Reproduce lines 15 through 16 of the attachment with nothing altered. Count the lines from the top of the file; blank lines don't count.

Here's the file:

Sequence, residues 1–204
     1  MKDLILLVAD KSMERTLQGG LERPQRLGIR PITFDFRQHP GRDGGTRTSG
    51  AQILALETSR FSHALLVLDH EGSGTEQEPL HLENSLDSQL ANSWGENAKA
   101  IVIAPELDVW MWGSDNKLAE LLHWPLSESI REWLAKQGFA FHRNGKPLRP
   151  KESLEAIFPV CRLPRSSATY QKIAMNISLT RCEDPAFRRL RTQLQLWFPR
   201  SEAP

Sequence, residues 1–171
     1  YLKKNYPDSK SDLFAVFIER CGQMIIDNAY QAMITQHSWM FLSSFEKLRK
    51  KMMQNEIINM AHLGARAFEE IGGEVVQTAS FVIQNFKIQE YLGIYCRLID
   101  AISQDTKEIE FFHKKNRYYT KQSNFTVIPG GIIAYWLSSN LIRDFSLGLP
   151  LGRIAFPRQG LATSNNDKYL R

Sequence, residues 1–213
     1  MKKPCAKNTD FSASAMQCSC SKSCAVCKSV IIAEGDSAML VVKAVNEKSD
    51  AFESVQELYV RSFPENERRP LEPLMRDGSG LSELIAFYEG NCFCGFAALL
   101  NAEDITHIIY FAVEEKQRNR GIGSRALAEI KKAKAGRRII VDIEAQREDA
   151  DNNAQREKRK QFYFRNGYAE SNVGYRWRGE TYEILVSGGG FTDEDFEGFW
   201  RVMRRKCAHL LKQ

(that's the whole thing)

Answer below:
   101  NAEDITHIIY FAVEEKQRNR GIGSRALAEI KKAKAGRRII VDIEAQREDA
   151  DNNAQREKRK QFYFRNGYAE SNVGYRWRGE TYEILVSGGG FTDEDFEGFW